Blog 5 minutes

Addressing supply chain shortages through smart e‑commerce

Clement Taffin
November 29, 2021

Remember the 2020 toilet paper shortages? Supermarket shelves were stripped of everyday essentials as people prepared for looming lockdowns, in fear that everyday items they needed would run out.

The pandemic continued to disrupt all parts of the supply chain thereafter. School supplies, coffee, even computer chips: materials that consumers rely on to purchase on a cyclical basis were in low stock, or took weeks to arrive to their doorstep or in-store.

All of this disruption had to do with the global supply chain, revealing the delicate systems that consumers, businesses and economies rely on to get the products they need, at the right time. With fragmented decision-making processes, limited collaboration between buyers and suppliers and a lack of central authority to control supply chains globally, mishaps and delays have continued well into the closing months of 2021.


Keeping track of orders in order to overcome supply chain challenges


To add to that, large consumer companies face rising competition, an ever-increasing need for more agile and adaptable chains, and the need for cost control. All of this is happening in the midst of rapidly changing consumer preferences and behaviors.

This last trend is one of the most salient. Consumers prioritize an omnichannel shopping experience that is convenient, personalized, timely and sustainable – all while considering product price twice in the context of economic uncertainty.

Large manufacturing and distribution businesses are left with a mission: creating a more robust, reliable supply chain, while ensuring the digital customer journey is as seamless and worry-free as possible.

A rising need for seamless e-commerce

Although Covid-19 has brought many challenges for the global supply chain, it has also brought opportunity for new businesses. Established players are no longer the default choice for consumers: the push to innovate is stronger than ever.

In a world of new business models, aggressive pricing and highly engaging brands, suppliers must ensure every buying experience is fast, convenient and competitively priced. As physical-distancing requirements continue to persist well into the future, suppliers will continue feeling the pressure to shift towards e-commerce.

Against this backdrop, suppliers facing high demand must ensure that customers are satisfied with every order. This is especially the case for those needing to focus their time on increasing value and competitiveness to solidify their positioning.

How can suppliers keep customers happy, while focusing on business growth?

One example of how businesses have been doing this can be found in Australia and New Zealand, where supply chain mapping has become a core component of futureproofing strategy. One survey by PROS in 2021 found that 55% of Australian manufacturers plan to reshore manufacturing operations to Australia by 20231. Other experts agree that 2022 will see procurement and supply management having crucial roles in improving digital capabilities of businesses.

Get actionable insights on supply chain resilience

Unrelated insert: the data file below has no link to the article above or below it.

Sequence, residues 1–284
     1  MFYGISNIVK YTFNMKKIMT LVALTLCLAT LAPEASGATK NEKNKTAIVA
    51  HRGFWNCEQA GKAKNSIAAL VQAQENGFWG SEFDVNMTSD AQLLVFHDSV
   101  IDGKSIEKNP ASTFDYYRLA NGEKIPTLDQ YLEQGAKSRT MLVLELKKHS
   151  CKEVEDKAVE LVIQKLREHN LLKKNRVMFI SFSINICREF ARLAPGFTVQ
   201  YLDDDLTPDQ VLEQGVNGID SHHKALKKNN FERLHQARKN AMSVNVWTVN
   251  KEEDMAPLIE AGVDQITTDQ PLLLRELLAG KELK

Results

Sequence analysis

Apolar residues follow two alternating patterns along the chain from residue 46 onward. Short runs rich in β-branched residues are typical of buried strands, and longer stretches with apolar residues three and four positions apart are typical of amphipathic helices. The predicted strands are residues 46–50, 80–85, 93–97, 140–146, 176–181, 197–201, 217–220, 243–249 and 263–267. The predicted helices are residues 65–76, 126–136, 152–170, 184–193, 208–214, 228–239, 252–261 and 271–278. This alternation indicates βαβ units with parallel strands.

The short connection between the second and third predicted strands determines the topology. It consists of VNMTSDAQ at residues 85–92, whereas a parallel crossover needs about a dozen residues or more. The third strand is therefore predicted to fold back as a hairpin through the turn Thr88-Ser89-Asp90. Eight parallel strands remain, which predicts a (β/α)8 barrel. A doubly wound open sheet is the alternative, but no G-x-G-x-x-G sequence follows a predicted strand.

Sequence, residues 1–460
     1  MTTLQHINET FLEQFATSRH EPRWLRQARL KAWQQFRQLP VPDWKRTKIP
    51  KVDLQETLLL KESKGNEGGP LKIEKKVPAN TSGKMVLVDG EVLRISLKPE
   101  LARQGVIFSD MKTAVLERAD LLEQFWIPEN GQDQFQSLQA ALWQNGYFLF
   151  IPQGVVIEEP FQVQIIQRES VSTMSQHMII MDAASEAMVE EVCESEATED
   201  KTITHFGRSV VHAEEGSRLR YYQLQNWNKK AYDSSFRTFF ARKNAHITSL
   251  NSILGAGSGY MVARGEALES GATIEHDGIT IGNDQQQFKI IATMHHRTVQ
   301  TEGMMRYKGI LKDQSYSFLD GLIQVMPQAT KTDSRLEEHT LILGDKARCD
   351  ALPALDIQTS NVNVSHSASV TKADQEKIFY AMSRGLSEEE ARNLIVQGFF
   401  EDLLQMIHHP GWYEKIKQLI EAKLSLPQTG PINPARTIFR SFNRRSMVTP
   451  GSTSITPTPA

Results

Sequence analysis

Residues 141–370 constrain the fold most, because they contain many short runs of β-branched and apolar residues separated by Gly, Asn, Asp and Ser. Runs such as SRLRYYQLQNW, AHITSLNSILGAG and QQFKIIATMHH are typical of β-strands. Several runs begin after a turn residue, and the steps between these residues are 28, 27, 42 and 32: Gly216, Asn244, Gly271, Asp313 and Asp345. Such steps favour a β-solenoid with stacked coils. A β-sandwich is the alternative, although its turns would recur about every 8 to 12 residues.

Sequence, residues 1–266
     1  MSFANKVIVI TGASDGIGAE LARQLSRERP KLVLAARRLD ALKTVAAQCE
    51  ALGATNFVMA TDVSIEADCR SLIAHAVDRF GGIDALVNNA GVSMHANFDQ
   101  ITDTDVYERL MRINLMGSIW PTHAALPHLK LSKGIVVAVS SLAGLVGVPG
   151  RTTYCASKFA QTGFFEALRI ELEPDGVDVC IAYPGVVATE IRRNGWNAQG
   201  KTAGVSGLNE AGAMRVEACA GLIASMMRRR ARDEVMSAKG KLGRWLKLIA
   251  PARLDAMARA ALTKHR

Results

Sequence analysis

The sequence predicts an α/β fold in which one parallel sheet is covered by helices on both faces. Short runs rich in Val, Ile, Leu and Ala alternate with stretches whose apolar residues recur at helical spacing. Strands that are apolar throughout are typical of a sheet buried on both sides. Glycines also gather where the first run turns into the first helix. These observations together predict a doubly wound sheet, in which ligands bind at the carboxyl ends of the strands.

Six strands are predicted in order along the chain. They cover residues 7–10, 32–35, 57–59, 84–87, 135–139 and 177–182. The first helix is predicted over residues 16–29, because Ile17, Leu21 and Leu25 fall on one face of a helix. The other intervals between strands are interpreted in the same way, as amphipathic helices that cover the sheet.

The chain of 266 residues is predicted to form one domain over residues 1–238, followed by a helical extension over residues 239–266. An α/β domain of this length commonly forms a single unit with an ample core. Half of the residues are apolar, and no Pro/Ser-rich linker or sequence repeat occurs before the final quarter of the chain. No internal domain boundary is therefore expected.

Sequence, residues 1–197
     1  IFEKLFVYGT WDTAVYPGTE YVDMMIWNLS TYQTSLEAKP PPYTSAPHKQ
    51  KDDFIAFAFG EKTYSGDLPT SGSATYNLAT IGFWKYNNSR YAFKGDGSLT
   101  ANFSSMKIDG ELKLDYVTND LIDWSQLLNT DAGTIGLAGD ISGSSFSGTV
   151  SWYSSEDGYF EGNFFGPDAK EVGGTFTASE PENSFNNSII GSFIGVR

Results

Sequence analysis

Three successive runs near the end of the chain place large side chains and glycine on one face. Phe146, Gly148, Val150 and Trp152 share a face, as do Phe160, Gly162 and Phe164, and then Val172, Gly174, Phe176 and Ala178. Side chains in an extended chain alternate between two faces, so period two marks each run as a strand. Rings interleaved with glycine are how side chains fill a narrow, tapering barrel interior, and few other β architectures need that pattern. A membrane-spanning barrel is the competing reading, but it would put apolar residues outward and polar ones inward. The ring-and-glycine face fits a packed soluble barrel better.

Our latest Supply Chain & E-Commerce Essentials Guide has everything you need to know.

Challenges and opportunities in consumer data

For suppliers, high volumes of data can be mined from a variety of different sources. If there is little monitoring or control, suppliers often get drowned in numbers. Losing track of the different channels consumers use to purchase products and increasing the margin of error proves costly, in time and efficiency.

By investing in sophisticated tracking and delivery technology, suppliers can easily adjust orders, correct mistakes and make many more efficiency-based adjustments to ensure customers receive their orders – exactly when they need them.

Gaining control of this data is essential. Not only does it strengthen your supply chain – it ensures happy customers. The result: outward-facing reliability while maintaining internal order, at no extra costs.

The benefits of ERP integrated e-commerce

With digital self-service as the preferred customer journey on the rise, it is no longer enough for consumers to receive a confirmation of purchase: they want to know when to expect their delivery. With supply chain challenges still to come due to post-Covid recovery, ERP systems are a solution many suppliers are flocking to – one that calculates all factors that influence order arrival date – not only whether there is enough stock, but how quickly the supply chain can respond to demand that is above current levels.

ERP-integrated solutions are elegant in the way they can save businesses time and stress, while remaining transparent in customer-facing e-commerce platforms. Once ERP is integrated to a businesses’ data, it is possible to automate changes from multiple selling channels to always deliver the latest numbers, empowering businesses and informing customers without compromise. Integrating ERP can increase order processing efficiency by 53%, and boost sales by at least 8%.

Smart e-commerce = optimized business

Effective supply chain management in e-commerce means optimization. Integrating e-commerce can benefit suppliers across a multitude of aspects, such as:

  • Maintaining better contact with all business partners
  • Proactively planning for demand surges or dips
  • Automating business processes
  • Using smart inventory management

With recent research in the manufacturing industry showing that 98% of manufacturers are already implementing or planning to implement an e-commerce solution, suppliers looking to stay at the forefront of their market have nothing to lose and much to gain from integrating e-commerce in their customer journey, while keeping a closer look on their production and supply chain.

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